ArtsWatch: Blackburn Defends The Creative Economy

Conference keynote presents conservative vision for IP and against Net regulations
January 24, 2011 -- 8:01 am PST
By Philip Merrill /

The Recording Academy actively represents the music community on such issues as intellectual property rights, music piracy, archiving and preservation, and censorship concerns. In pursuing its commitment to addressing these and other issues, The Recording Academy undertakes a variety of national initiatives. ArtsWatch is a key part of an agenda aimed at raising public awareness of and support for the rights of artists. To become more involved, visit Advocacy Action @ and sign up for Advocacy Action E-lerts.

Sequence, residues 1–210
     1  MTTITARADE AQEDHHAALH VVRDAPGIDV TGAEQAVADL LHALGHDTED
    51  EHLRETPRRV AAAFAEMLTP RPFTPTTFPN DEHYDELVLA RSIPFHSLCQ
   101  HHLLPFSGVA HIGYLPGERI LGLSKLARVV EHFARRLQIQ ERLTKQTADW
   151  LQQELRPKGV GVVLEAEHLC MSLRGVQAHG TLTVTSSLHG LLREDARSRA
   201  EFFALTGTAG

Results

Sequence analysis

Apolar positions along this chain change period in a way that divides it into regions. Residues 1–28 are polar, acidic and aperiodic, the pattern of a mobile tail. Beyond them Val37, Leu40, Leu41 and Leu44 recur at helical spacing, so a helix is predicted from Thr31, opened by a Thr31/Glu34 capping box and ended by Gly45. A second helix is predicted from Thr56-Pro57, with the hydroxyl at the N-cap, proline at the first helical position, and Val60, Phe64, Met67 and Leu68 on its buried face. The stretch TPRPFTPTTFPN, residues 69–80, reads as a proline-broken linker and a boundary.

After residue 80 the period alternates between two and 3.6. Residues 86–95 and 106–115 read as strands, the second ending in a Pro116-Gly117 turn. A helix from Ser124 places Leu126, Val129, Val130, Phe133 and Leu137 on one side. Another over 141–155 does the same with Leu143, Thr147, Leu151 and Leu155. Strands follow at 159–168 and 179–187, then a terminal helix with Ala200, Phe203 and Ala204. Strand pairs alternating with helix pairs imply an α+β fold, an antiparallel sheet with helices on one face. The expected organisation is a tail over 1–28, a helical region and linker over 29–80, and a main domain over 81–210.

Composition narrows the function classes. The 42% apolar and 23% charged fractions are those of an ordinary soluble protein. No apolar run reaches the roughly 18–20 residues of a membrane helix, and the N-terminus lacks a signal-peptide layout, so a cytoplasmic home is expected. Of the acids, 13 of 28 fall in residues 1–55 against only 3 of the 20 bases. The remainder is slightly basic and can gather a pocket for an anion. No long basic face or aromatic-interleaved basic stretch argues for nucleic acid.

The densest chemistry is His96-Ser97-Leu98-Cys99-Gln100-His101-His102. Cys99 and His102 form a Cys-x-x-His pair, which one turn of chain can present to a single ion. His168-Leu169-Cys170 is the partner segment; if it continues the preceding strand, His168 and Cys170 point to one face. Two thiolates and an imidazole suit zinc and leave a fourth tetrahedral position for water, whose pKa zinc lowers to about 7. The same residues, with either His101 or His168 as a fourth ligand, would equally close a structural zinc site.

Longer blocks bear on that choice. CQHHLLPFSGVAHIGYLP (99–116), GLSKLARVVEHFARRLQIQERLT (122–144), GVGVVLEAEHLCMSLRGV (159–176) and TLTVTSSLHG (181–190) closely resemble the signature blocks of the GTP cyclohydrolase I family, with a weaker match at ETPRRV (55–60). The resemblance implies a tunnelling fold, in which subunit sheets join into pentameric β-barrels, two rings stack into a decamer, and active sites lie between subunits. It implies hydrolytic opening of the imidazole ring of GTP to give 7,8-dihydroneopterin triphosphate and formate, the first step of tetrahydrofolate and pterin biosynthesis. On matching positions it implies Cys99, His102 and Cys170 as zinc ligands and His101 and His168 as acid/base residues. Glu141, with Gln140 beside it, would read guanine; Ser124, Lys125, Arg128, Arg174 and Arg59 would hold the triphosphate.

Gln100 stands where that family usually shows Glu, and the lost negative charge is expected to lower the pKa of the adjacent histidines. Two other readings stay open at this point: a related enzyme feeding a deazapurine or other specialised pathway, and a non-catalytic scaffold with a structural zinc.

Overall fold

The Congressional Internet Caucus Advisory Committee hosted its State of the Net conference in Washington, D.C., on Jan. 18–19. The conference led with an impassioned keynote speech on the "creative economy" by Rep. Marsha Blackburn (R-Tenn.). A 2007 recipient of the GRAMMYs on the Hill Award, Blackburn elaborated a sweeping conservative perspective, expanding on statements made earlier this month when she introduced legislation opposing Internet regulation. Her argument followed three propositions — the creative economy is the U.S. sector with the strongest growth, intellectual property is its primary commodity, and the free marketplace online has allowed the creative economy to prosper. Recognizing this free market has been victimized by content piracy, she said, "Culturally, we all differentiate between material and intellectual property rights. For the creative economy to thrive, we need to dissolve the barrier and ensure intellectual property rights are as strictly enforced as material rights." Beyond this traditional governmental role for law enforcement, Blackburn warns against "the Washington instinct to hyper-regulate all that is new and imperfectly understood." The pro-business and anti-regulatory component of her message is not new, but the comprehensiveness of Blackburn's approach to digital technology policy is innovative and likely to gain influence.